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Army Finance officer is relieved of liability for the improper payments of checks on forged endorsements made by subordinate cashiers where the officer maintained and supervised an adequate system of procedures designed to prevent such improper payments. The cashiers are also relieved where they complied with existing procedures and the loss resulted from criminal activity over which the officer and the cashier had no control. Were subsequently dishonored due to insufficient funds. Both Private Johnson and Private Liles claim to have surrendered their Military Identification (ID) cards to an as yet unidentified individual for the purpose of allowing him to obtain access to the Fort Carson dining facility.

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B-231505, Jun 13, 1988, Office of General Counsel

APPROPRIATIONS/FINANCIAL MANAGEMENT - Accountable Officers - Cashiers - Relief - Illegal/improper payments - Forgeries APPROPRIATIONS/FINANCIAL MANAGEMENT - Accountable Officers - Disbursing officers - Relief - Illegal/improper payments - Forgeries DIGEST: U.S. Army Finance officer is relieved of liability for the improper payments of checks on forged endorsements made by subordinate cashiers where the officer maintained and supervised an adequate system of procedures designed to prevent such improper payments. The cashiers are also relieved where they complied with existing procedures and the loss resulted from criminal activity over which the officer and the cashier had no control.

Colonel John P. Barrow

Chief of Staff

U.S. Army Finance and Accounting Center:

This responds to your letter of May 16, 1988, requesting that we grant relief to Lt. Col. T. L. Rehorst, Finance Corps, DSSN 5002, 4th Infantry Division (Mechanized), Fort Carson, Colorado, 80913-5000, and his cashiers, Ms. Marilyn Butler and Ms. Anna Valentinas, for improper payments totaling $2,980. For the reasons stated below, we grant relief as requested.

The first improper payments occurred on September 26 and 29, 1986, when an individual purporting to be Pvt. Lloyd J. Johnson cashed two personal checks for $745 each at the Finance and Accounting Office, Fort Carson, Colorado. Additional improper payments occurred when apparently the same individual, this time purporting to be Pvt. Donald R. Liles, cashed two personal checks for $745 each, on October 10 and 14, 1986, at the Finance and Accounting Office. The four checks, drawn on accounts at Fort Carson National Bank and Fort Riley National Bank, were subsequently dishonored due to insufficient funds. When informed of the dishonored checks, Private Johnson and Private Liles denied having accounts at said banks. They also denied cashing the checks.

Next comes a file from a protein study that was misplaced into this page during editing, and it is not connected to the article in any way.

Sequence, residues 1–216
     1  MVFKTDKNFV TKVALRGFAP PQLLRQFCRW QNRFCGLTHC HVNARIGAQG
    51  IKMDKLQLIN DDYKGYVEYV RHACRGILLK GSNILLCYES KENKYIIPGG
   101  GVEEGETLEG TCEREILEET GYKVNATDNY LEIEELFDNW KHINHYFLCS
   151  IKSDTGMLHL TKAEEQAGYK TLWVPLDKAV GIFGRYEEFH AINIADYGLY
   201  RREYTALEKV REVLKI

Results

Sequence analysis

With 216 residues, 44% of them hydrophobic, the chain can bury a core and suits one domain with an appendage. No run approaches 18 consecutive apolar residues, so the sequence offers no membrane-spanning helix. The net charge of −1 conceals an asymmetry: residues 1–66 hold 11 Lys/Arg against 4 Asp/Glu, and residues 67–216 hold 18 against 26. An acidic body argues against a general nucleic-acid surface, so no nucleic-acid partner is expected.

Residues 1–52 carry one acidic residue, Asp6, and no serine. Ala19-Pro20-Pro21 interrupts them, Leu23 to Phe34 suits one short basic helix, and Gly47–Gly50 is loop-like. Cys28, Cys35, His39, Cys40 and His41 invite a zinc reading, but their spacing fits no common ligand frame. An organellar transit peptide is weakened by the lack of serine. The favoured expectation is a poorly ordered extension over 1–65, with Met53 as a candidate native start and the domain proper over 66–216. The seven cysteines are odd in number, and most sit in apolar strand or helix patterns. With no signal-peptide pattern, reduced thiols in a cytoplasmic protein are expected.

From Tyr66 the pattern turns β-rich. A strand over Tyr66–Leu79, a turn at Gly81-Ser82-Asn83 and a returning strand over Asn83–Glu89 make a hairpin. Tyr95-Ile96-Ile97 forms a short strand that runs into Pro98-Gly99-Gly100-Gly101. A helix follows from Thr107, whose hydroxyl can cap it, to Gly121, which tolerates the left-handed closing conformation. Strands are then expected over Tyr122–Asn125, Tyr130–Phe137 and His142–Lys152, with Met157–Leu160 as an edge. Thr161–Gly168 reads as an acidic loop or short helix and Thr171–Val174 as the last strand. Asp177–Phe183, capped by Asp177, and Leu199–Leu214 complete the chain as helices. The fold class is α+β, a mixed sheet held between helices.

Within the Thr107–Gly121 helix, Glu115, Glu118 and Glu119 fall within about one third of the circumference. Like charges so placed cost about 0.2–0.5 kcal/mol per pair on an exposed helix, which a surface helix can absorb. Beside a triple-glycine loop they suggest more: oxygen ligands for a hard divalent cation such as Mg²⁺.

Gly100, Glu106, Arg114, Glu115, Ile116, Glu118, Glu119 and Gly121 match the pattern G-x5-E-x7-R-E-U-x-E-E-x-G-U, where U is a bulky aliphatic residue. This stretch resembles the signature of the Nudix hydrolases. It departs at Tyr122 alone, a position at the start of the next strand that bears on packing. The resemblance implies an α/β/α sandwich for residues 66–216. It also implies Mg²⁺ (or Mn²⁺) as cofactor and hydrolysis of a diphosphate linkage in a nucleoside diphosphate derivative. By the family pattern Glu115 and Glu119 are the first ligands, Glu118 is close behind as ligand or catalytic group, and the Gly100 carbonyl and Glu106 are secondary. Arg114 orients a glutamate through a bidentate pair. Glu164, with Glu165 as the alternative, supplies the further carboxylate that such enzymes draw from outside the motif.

Both Private Johnson and Private Liles claim to have surrendered their Military Identification (ID) cards to an as yet unidentified individual for the purpose of allowing him to obtain access to the Fort Carson dining facility. The Criminal Investigation Division has evidence indicating that the ID's were given to the same person. After obtaining the ID's, this individual allegedly opened checking accounts in the names of Privates Johnson and Liles, then proceeded to negotiate checks at various locations around Fort Carson. This individual has yet to be apprehended and there still exist some reservations regarding whether the perpetrator has been positively identified. Consequently, there has been no opportunity to collect the improper payments.

In cases such as this, both the person who made the improper payments and the person in whose name the account is officially held are liable as disbursing officials for the amount of the improper payments. This Office has authority under 31 U.S.C. Sec. 3527(c) (1982) to relieve a disbursing officer from liability for a deficiency resulting from an improper payment if we determine that the payment was not the result of bad faith or lack of reasonable care by the official. B-226872, Oct. 16, 1987. In cases where subordinates of the finance officer actually disbursed the funds, we have granted relief upon a showing that the finance officer properly supervised his subordinates by maintaining an adequate system of procedures and controls to safeguard the funds and took steps to ensure the system's implementation and effectiveness. B-228859, Sept. 11, 1987.

Investigations subsequent to the improper payments conclude that cashiers Butler and Valentinas had effectively followed standard operating procedures for cashing personal checks. The procedures in force at the time, which included verifying the face and signature on the ID against those of its presenter, appeared to have been adequate.

The improper payments in this case were largely the result of skillfully executed criminal activity that even an adequate and effectively supervised system cannot always prevent. Id. Since there is no indication that improper payments were the proximate result of bad faith or lack of reasonable care on their parts, relief is granted to Lt. Col. Rehorst, Ms. Butler and Ms. Valentinas.

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